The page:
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Suit alleges H-P tried to back out of Autonomy deal before it closed

Published Last updated This article is more than 2 years old.

A lawsuit filed against Hewlett-Packard in US federal court accuses the company of misleading investors before taking a $8.8 billion writedown over accounting maninpulation at Autonomy, the British software maker that H-P acquired last year. Click here to read the complaint.

Its most explosive charge is that H-P, aware of accounting issues at Autonomy, attempted to back out of the deal before it closed:

The suit, which is seeking class-action status, doesn’t offer any evidence to support that claim, but its source may be a Wall Street Journal article published last week. The Journal reported:

H-P’s internal team was aware of talk about accounting irregularities at the time the deal was struck, people familiar with the matter have said. At the time, one of these people said, H-P was looking for a way to unwind the deal before it closed, but couldn’t find any material accounting issues.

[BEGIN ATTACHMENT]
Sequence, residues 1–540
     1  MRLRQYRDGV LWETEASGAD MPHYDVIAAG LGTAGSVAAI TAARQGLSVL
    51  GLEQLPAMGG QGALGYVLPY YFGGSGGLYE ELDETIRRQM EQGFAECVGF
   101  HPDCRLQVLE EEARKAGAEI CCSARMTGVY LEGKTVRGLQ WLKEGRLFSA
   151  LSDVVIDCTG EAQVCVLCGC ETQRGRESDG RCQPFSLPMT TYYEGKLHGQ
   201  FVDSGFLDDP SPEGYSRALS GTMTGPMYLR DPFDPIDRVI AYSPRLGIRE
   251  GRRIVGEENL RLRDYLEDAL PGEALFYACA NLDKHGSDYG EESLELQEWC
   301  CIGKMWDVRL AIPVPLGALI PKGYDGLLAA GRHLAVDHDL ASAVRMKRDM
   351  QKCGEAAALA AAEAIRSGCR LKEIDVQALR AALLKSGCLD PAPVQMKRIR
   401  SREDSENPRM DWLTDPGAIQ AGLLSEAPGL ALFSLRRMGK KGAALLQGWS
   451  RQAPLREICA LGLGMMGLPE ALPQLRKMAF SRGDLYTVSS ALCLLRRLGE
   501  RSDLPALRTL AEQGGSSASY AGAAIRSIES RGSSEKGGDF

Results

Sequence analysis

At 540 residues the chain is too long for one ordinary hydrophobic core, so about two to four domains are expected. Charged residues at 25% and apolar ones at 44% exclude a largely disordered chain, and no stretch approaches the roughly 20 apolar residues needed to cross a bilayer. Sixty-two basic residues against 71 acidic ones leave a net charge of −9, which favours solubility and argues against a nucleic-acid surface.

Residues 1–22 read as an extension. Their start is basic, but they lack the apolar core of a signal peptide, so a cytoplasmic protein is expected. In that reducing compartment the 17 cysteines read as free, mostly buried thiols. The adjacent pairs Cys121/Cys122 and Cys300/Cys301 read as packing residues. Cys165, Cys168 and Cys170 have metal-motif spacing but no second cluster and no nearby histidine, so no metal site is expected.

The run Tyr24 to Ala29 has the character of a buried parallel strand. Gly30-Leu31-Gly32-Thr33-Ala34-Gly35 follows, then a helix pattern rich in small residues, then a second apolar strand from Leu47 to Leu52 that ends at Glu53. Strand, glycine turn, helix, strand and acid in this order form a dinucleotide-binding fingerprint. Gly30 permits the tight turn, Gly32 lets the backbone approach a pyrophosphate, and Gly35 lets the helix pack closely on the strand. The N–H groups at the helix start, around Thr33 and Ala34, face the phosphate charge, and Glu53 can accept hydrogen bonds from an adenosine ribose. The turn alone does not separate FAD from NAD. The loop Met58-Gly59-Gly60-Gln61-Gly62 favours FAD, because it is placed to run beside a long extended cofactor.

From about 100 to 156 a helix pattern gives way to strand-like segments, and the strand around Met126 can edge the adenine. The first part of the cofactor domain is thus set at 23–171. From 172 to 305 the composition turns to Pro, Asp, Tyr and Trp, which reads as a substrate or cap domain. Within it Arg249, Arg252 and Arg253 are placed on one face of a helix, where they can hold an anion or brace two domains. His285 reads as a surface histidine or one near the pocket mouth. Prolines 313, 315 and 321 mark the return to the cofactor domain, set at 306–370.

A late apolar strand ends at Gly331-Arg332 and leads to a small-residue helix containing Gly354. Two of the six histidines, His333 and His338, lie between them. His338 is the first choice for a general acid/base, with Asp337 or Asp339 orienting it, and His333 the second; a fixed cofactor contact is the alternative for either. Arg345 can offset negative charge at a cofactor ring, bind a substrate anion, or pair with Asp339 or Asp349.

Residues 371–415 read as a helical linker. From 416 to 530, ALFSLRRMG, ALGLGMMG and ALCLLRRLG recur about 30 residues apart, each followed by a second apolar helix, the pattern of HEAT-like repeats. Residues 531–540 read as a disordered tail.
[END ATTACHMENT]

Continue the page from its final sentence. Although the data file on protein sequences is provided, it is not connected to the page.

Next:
H-P declined to comment on the suit, which also names several current and former executives as defendants: CEO Meg Whitman, former CEO Leo Apotheker, CFO Catherine Lesjak, and senior VP James Murrin.

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